To describe La Paz, Bolivia in such a way as to do it justice is indeed a challenge.
At 3600m in altitude, just to walk a block is an adventure that requires one to have their wits about them - as much for the plethora of unruly vehicles, broken sidewalks and streetside vendors as for the thin air. Not an ideal city to retreat to in search of tranquility, there was always a parade or party of some description pushing aside the traffic to take over a street nearby, always with a marching band and fire-crackers. Admittedly we didn´t explore the city half as well as we could have, with so many things to do it was quite overwhelming.
We mostly derived enjoyment from strolling the various markets and eating the menu of the day at the local hotspots. Dale suffered his first bout of food-poisoning when he found himself unable to resist the spiciness of the table salsa at one such foodstall. A thankfully quick recovery and a lesson hopefully learned well.
Street after cobblestone-street of shopping!
An unlikely fellow to find here. An epidemic of Zebra all over the city guiding traffic and generally being good citizens. A govt. inititive.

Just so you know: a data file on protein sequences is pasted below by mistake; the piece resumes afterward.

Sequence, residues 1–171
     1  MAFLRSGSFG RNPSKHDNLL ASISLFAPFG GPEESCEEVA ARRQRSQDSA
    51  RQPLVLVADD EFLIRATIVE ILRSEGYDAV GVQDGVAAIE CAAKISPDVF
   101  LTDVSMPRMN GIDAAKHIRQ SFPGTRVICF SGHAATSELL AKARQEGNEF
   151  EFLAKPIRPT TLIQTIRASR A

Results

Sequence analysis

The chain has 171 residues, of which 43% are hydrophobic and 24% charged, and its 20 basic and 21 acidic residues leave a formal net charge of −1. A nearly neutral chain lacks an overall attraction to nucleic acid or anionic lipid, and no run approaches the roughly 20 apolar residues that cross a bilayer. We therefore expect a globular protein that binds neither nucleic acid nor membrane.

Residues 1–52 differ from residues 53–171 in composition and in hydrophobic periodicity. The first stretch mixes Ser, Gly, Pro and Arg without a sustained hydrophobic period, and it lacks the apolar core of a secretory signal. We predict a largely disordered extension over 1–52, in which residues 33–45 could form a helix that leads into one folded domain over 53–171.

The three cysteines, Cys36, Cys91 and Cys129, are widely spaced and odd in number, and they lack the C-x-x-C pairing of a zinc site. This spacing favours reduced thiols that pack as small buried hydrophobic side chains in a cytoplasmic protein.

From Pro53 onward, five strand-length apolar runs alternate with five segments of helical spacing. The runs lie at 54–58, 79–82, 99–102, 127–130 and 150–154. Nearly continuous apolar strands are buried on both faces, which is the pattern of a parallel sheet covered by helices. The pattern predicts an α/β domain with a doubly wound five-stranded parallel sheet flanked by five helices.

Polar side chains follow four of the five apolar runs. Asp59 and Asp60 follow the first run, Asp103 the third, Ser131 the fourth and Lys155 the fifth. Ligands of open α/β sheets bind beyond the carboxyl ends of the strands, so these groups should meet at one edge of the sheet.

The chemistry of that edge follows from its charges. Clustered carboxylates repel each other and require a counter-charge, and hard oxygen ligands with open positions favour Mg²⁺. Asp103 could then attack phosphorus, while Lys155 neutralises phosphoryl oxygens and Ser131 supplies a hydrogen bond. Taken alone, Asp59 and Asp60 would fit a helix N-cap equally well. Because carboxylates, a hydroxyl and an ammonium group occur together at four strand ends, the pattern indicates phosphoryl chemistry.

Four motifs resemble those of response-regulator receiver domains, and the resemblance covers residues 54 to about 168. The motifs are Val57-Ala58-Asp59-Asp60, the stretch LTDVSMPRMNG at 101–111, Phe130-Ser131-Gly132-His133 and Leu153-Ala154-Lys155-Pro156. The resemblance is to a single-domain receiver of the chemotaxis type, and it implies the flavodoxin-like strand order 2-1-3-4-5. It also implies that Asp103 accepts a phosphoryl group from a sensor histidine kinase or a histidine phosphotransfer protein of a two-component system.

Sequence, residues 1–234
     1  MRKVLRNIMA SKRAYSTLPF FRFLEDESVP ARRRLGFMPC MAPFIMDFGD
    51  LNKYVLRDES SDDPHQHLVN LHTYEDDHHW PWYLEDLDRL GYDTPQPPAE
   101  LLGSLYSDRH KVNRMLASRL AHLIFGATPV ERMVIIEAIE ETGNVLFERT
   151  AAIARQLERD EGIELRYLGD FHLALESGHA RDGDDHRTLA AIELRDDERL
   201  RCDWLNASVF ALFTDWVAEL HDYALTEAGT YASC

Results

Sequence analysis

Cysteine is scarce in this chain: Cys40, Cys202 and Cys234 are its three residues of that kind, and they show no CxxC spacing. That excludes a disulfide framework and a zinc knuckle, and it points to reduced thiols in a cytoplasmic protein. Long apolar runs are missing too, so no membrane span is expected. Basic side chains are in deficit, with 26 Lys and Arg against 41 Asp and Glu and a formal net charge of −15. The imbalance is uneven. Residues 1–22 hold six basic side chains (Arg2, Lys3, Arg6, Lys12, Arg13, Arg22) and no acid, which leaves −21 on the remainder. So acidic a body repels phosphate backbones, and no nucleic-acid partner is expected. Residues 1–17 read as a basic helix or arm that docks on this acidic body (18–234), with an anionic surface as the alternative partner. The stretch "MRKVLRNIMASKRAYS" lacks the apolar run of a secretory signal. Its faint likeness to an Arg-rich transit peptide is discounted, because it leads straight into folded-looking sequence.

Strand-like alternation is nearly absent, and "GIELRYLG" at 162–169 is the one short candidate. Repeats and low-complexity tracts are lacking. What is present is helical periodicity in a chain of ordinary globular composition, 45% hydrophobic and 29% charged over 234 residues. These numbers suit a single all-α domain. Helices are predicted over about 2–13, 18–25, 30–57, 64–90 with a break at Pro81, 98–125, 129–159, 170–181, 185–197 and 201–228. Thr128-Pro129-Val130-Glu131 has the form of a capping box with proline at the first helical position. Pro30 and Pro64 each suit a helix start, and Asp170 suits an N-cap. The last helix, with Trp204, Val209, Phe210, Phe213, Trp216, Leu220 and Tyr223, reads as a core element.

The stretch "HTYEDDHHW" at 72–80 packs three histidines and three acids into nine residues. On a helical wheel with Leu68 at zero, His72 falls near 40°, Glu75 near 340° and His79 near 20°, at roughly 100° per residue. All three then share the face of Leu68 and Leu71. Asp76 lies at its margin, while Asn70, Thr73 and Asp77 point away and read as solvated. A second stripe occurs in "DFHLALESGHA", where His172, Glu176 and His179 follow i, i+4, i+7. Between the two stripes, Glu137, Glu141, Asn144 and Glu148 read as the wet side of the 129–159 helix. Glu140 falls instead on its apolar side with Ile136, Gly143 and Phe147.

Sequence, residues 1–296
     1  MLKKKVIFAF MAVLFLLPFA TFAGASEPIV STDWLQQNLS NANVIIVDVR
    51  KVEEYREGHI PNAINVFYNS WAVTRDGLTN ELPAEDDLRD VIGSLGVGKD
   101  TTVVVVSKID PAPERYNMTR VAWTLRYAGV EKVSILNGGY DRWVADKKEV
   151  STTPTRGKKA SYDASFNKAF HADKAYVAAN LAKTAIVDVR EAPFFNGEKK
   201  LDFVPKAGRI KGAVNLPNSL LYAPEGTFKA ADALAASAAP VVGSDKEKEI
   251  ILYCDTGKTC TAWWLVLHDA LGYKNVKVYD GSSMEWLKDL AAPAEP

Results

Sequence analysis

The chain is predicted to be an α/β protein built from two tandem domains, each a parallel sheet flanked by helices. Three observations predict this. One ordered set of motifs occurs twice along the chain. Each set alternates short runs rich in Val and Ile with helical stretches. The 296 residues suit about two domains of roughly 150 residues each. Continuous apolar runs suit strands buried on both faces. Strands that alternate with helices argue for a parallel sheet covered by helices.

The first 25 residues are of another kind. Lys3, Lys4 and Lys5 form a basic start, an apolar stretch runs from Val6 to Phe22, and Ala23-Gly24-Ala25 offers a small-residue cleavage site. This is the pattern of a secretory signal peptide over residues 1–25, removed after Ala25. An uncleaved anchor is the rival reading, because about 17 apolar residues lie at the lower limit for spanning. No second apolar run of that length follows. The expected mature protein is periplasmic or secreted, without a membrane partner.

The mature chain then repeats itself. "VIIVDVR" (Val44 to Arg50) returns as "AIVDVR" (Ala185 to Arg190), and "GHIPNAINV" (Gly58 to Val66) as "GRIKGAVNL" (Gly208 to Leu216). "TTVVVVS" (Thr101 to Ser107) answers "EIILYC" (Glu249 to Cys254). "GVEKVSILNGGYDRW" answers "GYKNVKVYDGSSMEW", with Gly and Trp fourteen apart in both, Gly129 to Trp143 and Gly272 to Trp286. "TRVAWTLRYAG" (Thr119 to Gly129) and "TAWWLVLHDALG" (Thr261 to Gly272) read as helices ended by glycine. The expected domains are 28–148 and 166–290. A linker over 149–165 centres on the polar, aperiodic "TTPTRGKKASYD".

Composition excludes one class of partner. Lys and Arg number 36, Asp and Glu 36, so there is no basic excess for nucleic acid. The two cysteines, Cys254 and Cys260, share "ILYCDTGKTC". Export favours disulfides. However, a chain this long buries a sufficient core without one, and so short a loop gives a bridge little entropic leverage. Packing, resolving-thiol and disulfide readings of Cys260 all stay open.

San Fransisco Church. The facade has many indigineous touches that represent the merging of cultures
Offerings for wealth and prosperity in the witches market.
The vibrant colors and designs of the costumes are incredible
An artistic touch to an enduring image
Llama fetus are buried under the cornerstone of new buildings to appease Pachamama.
No such thing as a day in Bolivia without a festival
To pick the best lunch spot, follow the locals
Dale defending his honor
One big day trip out of La Paz was to visit Tiwanaku, the ruins of a spiritual center of the pre-Incan Tiwanaku people. They were a powerful people ruling the area for thousands of years before mysteriously disappearing a few hundred years before the Incas came to power. Although the majority of the area is still to be escavated we were amazed by what ruins were visible. The huge stone monoliths covered in carvings, the immense gateways marking the entrances to the spiritual complexes and the amazingly accurate right angles of the carvings were all stunning. In the past some archeologists had even postulated that the stonework was so perfect it had to have been done by aliens! We were quite pleased to have visited the site before heading to Peru in order to appreciate the remains of pre-Incan civilizations.